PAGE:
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by Master Gunnery Sergeant John Ubaldi
For the second time in a generation America went to war prepared to fight utilizing a conventional war strategy against an irregular army. Again, the U.S. failed to understand the premise that Clausewitz articulated, by entering into a war that we wanted to fight, not the war that we ended up with. Historically the U.S. defense and military establishments have focused efforts on the institutionalized combat operations of modern warfare, never completely understanding the enemy we were fighting. This lack of strategic vision crippled efforts to stabilize Iraq & Afghanistan and now has the U.S. embroiled in counterinsurgency campaigns in both countries. The United States is again seeing the emergence of fourth generation warfare, where terrorist groups and other factions use irregular warfare to devastating effect. Defense and military staff planners failed to move beyond the concepts of high technology and conventional attrition warfare that is ingrained in U.S. military doctrine. The insurgency the U.S. found itself fighting after the 2003 invasion of Iraq was the result of three failed premises of American strategic planning: over-utilization of traditional military doctrine; failure to plan for post stabilization operations; and failure to embrace the concept of civil military operations.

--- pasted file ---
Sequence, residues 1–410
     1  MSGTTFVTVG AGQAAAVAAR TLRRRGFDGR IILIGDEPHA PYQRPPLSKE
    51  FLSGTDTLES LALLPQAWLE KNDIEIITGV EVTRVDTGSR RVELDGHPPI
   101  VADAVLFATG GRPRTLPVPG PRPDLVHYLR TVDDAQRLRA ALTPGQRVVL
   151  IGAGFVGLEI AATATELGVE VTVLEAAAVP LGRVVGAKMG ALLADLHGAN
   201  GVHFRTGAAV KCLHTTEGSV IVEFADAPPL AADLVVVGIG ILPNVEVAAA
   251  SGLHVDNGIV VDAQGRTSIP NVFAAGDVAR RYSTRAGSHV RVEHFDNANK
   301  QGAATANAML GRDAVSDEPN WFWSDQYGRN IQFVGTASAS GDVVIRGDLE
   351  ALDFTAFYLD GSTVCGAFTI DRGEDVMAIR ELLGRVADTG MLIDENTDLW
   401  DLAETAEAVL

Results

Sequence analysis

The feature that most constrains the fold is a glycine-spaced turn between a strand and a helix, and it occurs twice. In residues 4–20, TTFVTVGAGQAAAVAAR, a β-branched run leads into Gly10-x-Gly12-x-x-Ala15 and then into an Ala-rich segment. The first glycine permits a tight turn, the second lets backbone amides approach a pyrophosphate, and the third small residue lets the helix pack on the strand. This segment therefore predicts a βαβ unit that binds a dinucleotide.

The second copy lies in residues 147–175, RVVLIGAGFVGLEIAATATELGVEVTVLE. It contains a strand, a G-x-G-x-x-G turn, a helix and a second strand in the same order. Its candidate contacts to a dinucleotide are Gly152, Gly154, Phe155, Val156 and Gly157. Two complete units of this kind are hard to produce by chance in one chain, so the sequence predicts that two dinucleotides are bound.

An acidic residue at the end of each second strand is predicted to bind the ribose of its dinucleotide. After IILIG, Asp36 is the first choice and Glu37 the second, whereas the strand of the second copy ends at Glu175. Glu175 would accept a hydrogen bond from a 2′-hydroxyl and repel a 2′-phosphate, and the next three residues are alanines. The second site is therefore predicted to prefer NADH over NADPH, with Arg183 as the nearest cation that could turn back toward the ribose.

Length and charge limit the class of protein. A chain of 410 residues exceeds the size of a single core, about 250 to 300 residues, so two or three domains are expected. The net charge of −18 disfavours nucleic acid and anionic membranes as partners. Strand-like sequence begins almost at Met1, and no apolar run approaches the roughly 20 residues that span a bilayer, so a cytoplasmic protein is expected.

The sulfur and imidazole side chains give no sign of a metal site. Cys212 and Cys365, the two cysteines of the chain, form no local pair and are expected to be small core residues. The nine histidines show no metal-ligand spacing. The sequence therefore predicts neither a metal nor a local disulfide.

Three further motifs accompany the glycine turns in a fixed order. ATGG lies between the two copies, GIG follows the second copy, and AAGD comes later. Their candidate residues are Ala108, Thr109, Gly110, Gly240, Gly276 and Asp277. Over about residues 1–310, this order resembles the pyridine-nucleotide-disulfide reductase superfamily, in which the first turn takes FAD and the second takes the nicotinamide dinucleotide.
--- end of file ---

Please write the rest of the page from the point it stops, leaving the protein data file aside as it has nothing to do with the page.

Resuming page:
Debate rages within the U.S. defense community whether to embrace counterinsurgency techniques or to fall back on traditional conventional war fighting strategies. Unfortunately, current military operations in Iraq and Afghanistan have shown a lack of strategic thinking in counterinsurgency operations, resulting in hampered U.S. operations in both countries.